NE Scotland, Orkney & Shetland

Sailors who transformed World War One prison camp remembered in book

Men in camp Image copyright RHS Lindley Collection
Image caption Gardening transformed the war camp experience for the sailors

The little-known story of Aberdeen sailors who helped transform a World War One prison camp with their love of gardening is the focus of a new book.

The crew of the SS Rubislaw spent nearly the entire war at Ruhleben, an abandoned race track near Berlin.

They started growing vegetables and planting flowers, before forming their own horticultural society.

Their wartime experience is marked in the book "A crew that time forgot", written by descendants of two crew.

Image caption The Rubislaw headed to Germany in 1914

The Rubislaw set sail from Aberdeen on 31 July 1914, bound for the German port of Hamburg.

Four days later, war was declared.

The Rubislaw was impounded and forced to remain in Hamburg harbour.

Poor condition

Margie Mellis, the great granddaughter of crew member Charles Wilson, said: "They were there for a very long time, and then they were taken off the Rubislaw and were taken to abandoned hulks which were in Hamburg harbour.

"They were in a very poor condition. They were rotting, they were rat-infested, dark, and they were given very poor food.''

At the start of the November, the crew of the Rubislaw were moved to Ruhleben, a civilian detention camp on the outskirts of Berlin.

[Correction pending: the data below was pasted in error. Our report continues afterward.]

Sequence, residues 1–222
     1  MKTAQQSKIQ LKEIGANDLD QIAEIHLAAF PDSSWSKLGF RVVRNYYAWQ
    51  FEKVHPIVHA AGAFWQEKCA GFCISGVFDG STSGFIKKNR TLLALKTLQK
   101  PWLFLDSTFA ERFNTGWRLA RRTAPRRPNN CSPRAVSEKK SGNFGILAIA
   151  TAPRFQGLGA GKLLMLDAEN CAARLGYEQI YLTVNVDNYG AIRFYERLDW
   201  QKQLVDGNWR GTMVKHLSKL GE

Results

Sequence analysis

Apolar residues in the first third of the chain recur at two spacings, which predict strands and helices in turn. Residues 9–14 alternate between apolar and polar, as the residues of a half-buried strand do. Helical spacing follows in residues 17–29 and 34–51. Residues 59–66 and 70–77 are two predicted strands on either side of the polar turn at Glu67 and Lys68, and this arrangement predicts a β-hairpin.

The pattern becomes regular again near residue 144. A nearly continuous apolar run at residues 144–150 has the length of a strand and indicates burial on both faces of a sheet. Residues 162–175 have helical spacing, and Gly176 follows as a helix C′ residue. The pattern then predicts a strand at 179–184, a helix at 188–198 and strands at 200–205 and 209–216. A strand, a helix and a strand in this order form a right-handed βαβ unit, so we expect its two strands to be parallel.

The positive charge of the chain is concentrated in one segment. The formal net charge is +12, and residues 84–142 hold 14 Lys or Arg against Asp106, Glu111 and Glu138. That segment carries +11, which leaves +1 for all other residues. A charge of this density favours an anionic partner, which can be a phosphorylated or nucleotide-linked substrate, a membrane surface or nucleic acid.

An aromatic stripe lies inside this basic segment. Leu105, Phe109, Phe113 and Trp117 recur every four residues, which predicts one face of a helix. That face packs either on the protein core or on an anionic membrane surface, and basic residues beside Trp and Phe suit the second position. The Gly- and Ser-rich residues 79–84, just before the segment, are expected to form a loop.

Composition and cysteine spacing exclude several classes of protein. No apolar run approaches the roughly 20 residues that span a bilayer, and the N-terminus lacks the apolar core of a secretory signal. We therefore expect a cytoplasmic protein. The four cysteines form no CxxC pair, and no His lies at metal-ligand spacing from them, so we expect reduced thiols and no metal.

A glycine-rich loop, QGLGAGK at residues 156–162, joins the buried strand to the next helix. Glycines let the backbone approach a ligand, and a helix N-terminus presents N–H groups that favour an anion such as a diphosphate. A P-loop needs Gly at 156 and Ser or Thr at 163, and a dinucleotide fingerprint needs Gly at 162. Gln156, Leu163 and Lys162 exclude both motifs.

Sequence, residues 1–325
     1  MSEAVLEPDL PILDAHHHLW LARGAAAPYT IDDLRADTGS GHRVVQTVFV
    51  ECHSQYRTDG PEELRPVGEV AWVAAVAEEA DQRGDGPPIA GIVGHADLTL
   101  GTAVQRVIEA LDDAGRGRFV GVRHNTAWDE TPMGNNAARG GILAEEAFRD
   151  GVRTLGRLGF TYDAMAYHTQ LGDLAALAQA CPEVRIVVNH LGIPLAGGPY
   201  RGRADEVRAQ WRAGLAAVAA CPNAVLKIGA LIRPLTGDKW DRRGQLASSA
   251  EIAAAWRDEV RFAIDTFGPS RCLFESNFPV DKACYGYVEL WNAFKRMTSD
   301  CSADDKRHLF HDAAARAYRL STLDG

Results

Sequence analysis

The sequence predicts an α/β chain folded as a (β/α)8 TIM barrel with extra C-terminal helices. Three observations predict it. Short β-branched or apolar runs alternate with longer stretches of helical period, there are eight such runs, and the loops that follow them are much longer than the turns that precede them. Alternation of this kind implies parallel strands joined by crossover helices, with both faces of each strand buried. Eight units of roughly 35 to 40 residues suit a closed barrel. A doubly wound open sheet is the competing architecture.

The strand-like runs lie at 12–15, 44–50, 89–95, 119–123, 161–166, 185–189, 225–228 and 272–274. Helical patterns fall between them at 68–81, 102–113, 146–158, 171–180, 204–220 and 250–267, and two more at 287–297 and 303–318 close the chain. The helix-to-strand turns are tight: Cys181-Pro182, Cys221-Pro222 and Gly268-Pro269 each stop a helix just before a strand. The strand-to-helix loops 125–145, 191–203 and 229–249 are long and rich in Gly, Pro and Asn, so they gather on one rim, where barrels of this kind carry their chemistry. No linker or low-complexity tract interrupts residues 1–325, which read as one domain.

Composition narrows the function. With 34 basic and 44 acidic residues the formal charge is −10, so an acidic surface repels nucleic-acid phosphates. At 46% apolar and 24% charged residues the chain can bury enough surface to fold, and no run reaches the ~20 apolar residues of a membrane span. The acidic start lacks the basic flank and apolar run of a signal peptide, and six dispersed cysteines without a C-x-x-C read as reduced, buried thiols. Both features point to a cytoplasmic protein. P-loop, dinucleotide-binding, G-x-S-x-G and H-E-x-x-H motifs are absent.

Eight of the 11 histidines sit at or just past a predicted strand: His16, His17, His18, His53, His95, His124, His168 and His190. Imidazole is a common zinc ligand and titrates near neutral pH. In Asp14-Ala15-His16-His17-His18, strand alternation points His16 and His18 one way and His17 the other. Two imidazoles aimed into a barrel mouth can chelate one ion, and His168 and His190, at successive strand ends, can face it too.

Image copyright RHS Lindley Collection
Image caption Ruhleben Horticultural Society was formed

Doreen Black's grandfather David McKay Tulloch was the chief engineer on board the Rubislaw.

She said: "The conditions in the camp had been quite severe to start with. He glossed over that a bit, but I do remember him saying how cold he'd been, and how sore his feet had been."

Determined to improve conditions in the camp, some of the men turned to gardening.

In 1916, the Ruhleben Horticultural Society (RuhHS) was formed.

Hide barbed wire

Mrs Black said: ''As a little girl, I just knew of him as my grandpa. I thought everybody's grandfathers had enormous gardens full of fruit, vegetables and flowers.

"It was only as I got older that I realised he'd learned his gardening in the camp.

"Their first task was to decorate the camp, hide the barbed wire, make it more like home, particularly with sweet peas. They ended up growing 83 varieties. It was only later that they applied to join the RHS in London that seeds and tubers were sent out.

"They managed to rent half the internal oval of an old race track. They dug it out by hand, and by the first summer, they were growing 22,000 cabbages, tomatoes - every vegetable you could think of."

Image caption Doreen Black enjoyed the fruits of her grandfather David McKay Tulloch's labours

Most of the men stayed in Ruhleben until the end of the war in 1918.

Mrs Black said: "Perhaps when the men came home and they realised the slaughter that had taken place in the trenches, people may have said to them 'well you were alright'. I think they did feel guilty."

"I think as time went on, they didn't talk about it as much."

Centenary of return

After the war, the SS Rubislaw returned to sea.

However, in November 1939, the ship struck a mine off the coast of England. It sank within minutes.

The launch of the book "A crew that time forgot" marks 100 years since the crew of the Rubislaw returned home from Ruhleben.

Mrs Mellis added: "It's a local story, it's a story about Aberdeen men, it's a story about the First World War. It's probably not one many people know about."

It is hoped the book helps plant the seed to find more descendants of the crew of the SS Rubislaw.

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